Published: 13 Sep 2017
How is gold mined?
Given that it is less likely to find a 1-ounce nugget of gold than a 5-carat diamond because of how rare gold is, how have we managed to acquire so much for our jewellery, investment, medicinal, and industrial purposes?
The answer is mining
The best estimates suggest that approximately 187,200 tonnes of gold have been mined throughout history. If every single ounce of this gold were placed next to each other, the resulting cube of pure gold would only measure around 21 metres on each side.
Here is the look at the four different ways in which gold may be obtained in its raw form:
- Placer Mining
Used by amateur gold hunters, it essentially involves using gravity and water to separate dense gold from other materials around it. This is usually useful in retrieving gold from gold-bearing sands and gravel. Gold Panning is the process of extracting gold from these placer deposits, which is done by communities in India such as the Sonajhar community of Chattisgarh, who earn close to Rs 400 per day by collecting gold particles equivalent to the size of 4-5 grains of rice.
- Hard Rock Mining
This is how most of the gold is mined. In involves both open pit and underground mining.
Step 1: The process begins with drilling of blast holes which are supposed to be at least 40 feet deep and 16-22 feet apart. This is done to check if there is gold at the site or not.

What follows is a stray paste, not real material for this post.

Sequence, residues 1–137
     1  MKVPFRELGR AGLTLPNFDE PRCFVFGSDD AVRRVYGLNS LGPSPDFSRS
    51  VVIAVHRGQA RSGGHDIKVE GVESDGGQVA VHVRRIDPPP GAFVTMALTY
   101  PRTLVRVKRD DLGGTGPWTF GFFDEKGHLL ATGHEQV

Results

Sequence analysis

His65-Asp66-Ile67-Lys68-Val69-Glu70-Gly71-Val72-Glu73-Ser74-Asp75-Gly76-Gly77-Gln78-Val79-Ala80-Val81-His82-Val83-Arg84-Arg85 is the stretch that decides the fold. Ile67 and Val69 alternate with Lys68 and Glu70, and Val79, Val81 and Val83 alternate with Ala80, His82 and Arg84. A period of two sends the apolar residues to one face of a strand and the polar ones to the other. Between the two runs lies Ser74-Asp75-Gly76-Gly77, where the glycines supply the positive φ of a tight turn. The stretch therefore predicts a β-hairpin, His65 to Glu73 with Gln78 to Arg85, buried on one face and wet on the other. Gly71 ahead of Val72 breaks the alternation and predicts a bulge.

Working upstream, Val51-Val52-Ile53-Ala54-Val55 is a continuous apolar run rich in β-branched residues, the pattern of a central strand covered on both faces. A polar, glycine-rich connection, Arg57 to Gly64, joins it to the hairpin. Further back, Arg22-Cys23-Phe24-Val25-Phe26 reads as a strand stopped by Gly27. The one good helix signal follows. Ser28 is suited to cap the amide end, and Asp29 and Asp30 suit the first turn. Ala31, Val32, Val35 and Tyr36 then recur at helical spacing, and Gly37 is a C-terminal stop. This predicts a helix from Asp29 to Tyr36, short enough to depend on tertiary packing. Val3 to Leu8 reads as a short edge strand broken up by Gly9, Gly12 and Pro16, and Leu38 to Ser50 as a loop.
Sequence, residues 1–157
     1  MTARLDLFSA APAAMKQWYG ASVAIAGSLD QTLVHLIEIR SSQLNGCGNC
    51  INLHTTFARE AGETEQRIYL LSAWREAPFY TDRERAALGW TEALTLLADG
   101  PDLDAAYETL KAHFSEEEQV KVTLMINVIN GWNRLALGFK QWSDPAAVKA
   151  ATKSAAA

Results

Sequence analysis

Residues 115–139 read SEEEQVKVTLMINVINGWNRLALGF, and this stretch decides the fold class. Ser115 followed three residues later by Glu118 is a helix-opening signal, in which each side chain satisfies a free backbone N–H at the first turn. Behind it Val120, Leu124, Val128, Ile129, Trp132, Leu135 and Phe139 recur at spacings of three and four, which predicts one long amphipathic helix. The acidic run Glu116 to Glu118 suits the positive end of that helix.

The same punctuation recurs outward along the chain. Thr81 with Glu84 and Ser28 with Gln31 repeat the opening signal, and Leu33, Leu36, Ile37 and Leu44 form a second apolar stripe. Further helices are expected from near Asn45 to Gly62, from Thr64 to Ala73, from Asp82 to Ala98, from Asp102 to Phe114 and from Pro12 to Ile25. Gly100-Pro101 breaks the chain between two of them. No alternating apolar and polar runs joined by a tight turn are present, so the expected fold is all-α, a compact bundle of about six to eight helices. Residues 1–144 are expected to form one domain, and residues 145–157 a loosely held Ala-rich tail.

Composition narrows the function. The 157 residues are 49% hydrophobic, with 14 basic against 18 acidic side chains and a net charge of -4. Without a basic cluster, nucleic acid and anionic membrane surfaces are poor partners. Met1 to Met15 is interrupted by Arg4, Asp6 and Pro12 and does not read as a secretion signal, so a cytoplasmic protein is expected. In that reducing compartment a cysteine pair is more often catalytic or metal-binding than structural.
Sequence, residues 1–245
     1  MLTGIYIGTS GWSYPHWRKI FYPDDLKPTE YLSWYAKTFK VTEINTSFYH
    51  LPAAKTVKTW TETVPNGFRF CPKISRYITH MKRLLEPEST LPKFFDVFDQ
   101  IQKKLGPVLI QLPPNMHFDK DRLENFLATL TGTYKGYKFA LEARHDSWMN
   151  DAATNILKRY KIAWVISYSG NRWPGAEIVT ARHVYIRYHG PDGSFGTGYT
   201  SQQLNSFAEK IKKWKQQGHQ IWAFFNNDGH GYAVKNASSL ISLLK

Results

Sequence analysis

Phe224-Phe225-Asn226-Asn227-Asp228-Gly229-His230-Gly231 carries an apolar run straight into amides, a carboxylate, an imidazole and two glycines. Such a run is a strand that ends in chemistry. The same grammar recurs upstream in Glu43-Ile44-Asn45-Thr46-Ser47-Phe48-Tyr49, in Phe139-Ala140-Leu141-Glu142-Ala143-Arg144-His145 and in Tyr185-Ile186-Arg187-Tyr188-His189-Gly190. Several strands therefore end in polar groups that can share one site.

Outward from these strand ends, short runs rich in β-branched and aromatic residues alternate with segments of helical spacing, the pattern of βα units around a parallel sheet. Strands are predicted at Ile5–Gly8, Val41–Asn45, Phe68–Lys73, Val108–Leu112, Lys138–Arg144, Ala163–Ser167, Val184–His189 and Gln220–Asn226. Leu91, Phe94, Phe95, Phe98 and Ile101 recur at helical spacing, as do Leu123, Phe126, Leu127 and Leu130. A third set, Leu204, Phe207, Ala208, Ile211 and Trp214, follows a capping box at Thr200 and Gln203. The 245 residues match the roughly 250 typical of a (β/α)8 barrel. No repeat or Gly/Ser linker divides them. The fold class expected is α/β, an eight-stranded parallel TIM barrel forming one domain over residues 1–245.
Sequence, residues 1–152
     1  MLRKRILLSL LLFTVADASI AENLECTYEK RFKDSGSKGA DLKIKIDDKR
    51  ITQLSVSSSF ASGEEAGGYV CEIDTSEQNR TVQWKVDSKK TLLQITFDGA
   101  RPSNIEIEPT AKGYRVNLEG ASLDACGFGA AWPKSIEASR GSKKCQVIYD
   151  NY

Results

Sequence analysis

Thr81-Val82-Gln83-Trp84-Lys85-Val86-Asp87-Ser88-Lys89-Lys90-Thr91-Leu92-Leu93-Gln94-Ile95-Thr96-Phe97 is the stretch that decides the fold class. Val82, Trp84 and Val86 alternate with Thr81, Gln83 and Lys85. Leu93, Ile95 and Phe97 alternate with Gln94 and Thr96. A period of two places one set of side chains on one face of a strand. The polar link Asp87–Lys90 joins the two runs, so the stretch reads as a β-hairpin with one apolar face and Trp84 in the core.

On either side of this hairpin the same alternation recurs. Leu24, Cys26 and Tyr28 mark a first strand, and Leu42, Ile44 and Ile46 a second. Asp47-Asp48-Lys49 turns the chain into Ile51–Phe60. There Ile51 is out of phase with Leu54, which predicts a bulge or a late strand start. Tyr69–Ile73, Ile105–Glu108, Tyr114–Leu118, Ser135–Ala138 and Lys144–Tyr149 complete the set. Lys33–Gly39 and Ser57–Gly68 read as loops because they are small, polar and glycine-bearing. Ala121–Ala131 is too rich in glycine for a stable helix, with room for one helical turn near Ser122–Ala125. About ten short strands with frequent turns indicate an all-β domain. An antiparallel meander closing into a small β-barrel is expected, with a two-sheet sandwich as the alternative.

Step 2: The holes are then blasted in a controlled manner, to ensure minimum impact to the environment around.
Step 3: The broken rock is then surveyed and marked to indicate ores that contain gold.
Step 4: All the ores containing gold are then hauled up into a truck and transported to a crusher for processing.
Step 5: Crushing of ores is a two-fold process and involves breaking down of ores into smaller volumes.
Step 6: Next, sodium cyanide is used to separate the gold from the hard rock surface. This process is called leaching.
Step 7: The gold recovered from leaching is then processed to create a gold-rich mud.
Step 8: The gold mud is then sent to a refinery furnace and heated to separate the gold and silver from any non-metal substances. This results in a 98% gold-silver mixture called dore. To get the 99.99% pure or 24 karat gold, the ore is further shipped to a specialised refinery.
- By-product Mining
A lot of times, the main purpose is to mine copper or recover sand, gravel and other products. However, in such a mining, significant amount of gold might also be recovered. One of the best-known gold mines around the world, the Grasberg
mine, was developed to mine copper but now is the 4th largest mine in the world, employing 20,000 people every year
- Processing of gold ore
The gold ore is a finely crushed rock containing trace amounts of gold. This can be extracted using a chemical process involving cyanide. However, this method is not very profitable as there are considerable financial and environmental costs involved.
Each year, global mining adds approximately 2,500-3,000 tonnes to the overall above-ground stock of gold. Here is a look at all the fascinating ways in which gold exists in our every day life.